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“I could’ve been an orphaned street child, a drug addict, maybe even a robber.”


Compassion graduate reading his sponsor's letters

19-year-old Mutabazi is all too familiar with tragedy. “My mother died two months after I was born,” he explains in a deep, sombre tone. "Shortly after, my father was poisoned by a neighbour.”

These two tragic events changed the course of Mutabazi’s life. “We moved from home to home,” he describes. “We first landed in an orphanage and then went in different directions. Since I was the youngest, I ended up at my uncle’s house.”

Mutabazi was separated from his siblings. Even when the living conditions at his uncle’s home became increasingly difficult, he had no one to turn to for help.

“My uncle was struggling to support his large family so I ended up working as a houseboy and delayed joining school. I became weak and malnourished because of the laborious work and inadequate food. I withdrew from people.”

When Mutabazi was invited to stay with his grandparents, he had high hopes of things improving. “But joining school conflicted with my grandfather’s wish for me to be a herds boy,” he explains. “I moved from place to place in search of pasture and water for the animals, missing school and playing with my friends.”

Mutabazi’s poor school attendance affected his performance. His confidence was dented: his grades were low and he ended up studying with children who were younger and smaller than him. Mutabazi carried a heavy weight of injustice over his fragile shoulder. He progressively grew more secluded and distressed.

Social worker Nyakaisiki Grace can still vividly remember him arriving at Maranyundo Student Centre, run by the Anglican Church in Kabarore. “He was a small, quiet and withdrawn boy who came from a very poor home,” she reflects. “When his grandmother brought him to the [Compassion] project, we learnt a lot about his difficult childhood. As an orphaned child, Mutabazi faced neglect and didn’t receive all the love and care he needed.”

Because of his sponsor's support, the project was able to provide Mutabazi with school supplies, food and clothes. Nyakaisiki visited him at home to give him support; she spoke with his guardians and encouraged him to study.

But sadly Mutabazi continued to face opposition from his grandfather who repeatedly threatened to take him out of school. In contrast, Mutabazi was so grateful for the project community which gave him an environment where he could thrive: He found a mentor and friend in his sponsor, counsellors in his teachers, and a spiritual father in Pastor Daniel Mutangana.

 

Mutabazi's letters from his sponsor

 

“I always shared my life with my sponsor through letters, and I always looked forward to hearing from him. He enquired about my progress, and prayed for my family,” recalls Mutabazi pulling out a stash of cherished letters and photos.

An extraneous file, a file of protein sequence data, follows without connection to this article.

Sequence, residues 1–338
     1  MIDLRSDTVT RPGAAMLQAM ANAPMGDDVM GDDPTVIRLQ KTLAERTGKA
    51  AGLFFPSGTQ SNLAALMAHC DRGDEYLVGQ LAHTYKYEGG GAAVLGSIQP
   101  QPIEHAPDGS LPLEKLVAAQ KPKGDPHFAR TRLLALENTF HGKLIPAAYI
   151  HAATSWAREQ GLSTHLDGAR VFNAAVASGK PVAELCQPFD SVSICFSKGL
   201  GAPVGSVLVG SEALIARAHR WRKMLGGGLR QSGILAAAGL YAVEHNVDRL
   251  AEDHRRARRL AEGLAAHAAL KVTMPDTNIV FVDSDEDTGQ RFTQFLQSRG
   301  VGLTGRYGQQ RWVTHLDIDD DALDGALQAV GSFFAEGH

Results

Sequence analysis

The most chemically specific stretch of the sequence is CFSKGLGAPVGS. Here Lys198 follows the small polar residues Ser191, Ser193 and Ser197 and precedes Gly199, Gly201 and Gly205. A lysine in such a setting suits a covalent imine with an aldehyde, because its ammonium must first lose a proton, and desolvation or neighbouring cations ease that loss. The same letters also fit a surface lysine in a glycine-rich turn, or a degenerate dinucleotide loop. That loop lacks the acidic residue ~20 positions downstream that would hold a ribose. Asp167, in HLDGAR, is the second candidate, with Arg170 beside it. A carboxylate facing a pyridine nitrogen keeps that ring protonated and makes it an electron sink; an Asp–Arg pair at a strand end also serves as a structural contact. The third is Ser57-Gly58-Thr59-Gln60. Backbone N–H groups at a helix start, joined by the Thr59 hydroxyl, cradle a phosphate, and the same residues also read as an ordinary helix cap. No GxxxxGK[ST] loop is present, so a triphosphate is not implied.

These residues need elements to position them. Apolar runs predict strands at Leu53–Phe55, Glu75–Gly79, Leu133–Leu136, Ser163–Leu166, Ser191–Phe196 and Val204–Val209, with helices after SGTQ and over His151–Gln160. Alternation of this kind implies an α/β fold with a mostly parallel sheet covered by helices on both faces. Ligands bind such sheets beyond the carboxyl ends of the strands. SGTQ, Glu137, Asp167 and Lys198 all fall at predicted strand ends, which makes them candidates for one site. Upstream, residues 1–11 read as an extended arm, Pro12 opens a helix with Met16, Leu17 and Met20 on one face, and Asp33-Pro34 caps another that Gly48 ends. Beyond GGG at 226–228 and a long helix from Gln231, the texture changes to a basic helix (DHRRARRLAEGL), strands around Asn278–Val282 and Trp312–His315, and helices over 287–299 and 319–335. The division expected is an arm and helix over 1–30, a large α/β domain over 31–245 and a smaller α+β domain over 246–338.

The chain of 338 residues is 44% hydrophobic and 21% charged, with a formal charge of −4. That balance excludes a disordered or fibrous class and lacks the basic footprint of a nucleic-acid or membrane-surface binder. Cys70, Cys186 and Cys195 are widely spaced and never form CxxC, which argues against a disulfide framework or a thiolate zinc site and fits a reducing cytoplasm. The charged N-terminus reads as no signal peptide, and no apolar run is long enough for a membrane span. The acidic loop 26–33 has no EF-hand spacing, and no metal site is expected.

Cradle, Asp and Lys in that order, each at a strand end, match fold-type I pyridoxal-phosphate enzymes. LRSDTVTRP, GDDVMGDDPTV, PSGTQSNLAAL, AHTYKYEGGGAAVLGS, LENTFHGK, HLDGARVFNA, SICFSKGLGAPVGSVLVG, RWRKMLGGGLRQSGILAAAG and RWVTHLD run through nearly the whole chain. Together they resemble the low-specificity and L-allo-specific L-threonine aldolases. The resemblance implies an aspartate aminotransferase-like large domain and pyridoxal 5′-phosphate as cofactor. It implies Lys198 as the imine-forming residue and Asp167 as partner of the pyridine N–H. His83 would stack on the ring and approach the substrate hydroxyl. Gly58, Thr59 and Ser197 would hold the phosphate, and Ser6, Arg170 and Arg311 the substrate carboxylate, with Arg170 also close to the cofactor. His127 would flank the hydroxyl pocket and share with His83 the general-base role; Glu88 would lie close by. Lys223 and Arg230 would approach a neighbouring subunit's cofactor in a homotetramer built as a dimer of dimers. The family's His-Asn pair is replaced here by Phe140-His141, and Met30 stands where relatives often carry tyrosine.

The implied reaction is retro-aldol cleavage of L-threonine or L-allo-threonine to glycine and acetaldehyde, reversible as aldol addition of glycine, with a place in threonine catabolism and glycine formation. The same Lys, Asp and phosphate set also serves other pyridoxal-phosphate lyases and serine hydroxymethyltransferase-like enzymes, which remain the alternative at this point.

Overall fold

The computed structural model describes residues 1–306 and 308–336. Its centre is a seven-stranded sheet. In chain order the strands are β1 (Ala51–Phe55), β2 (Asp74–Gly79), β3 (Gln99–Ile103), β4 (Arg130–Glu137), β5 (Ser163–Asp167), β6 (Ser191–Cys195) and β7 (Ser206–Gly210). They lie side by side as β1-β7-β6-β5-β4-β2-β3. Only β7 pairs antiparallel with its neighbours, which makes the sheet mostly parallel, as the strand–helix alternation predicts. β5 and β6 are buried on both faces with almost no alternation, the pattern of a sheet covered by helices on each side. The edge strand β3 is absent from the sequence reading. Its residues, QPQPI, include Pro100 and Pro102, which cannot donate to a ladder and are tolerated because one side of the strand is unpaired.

But the situation back home was hard to deal with.

When Mutabazi completed his primary school education and expressed his desire to further his education, his grandfather made good his long-standing threat.

“My grandfather wasn’t amused. As I ate, he grabbed the plate of food from my hands, and kicked me out of the house,” Mutabazi describes.

“I can remember thinking, why did my parents leave me when I was so little? And what had I done to deserve this?” Yet, in the midst of his pain, Mutabazi said a timely prayer which he says changed the course of his life. “Although I was disappointed and angry, I thanked God for all the people he’d brought me thus far and I dedicated my life to God and asked him to be my guide.”

Mutabazi was 16 years old when he made a firm commitment to follow Jesus, and it surprised him how much he was able to deal with the pain and hurt from the past.

Practical support followed as well. The project swung into action and found him a place at a college where he could stay and complete his vocational course in automobile mechanics.  A gift from his sponsor enabled him to purchase a parcel of land near the project. And in 2015, as he turned 18, Mutabazi was among 21 young people who benefitted from a house construction RESPOND Initiative for highly vulnerable children.

 

Mutabazi's new home

 

“It was great to have my own place, and I thank my sponsor and the project for showing love in this way. Even though I’ve never met my sponsor, I’m very thankful and indebted to him. I feel like my own man now,” states Mutabazi.

Mutabazi rests on a mattress laid on the floor of his newly constructed, four-roomed mud and brick house and wonders how different his life could have turned out. “I could’ve been an orphaned street child, a drug addict, maybe even a robber. But I’m closer to God more than ever. The project is my family and I’m thankful for all their support.

It’s a wonderful feeling to have a place I can call home.”

This Compassion Sunday, share with your church and find a sponsor for a child living in desperate poverty. By doing so, you’ll link them with a Compassion project run by their local church.

Here, no matter what their background, they’ll find a project family they can rely on. They’ll be given access to a safe haven where they’re free to be a child. They’ll be given a place they can call home.


Join us this Compassion Sunday



WORDS : Silas Irungu

PHOTOS : Silas Irungu


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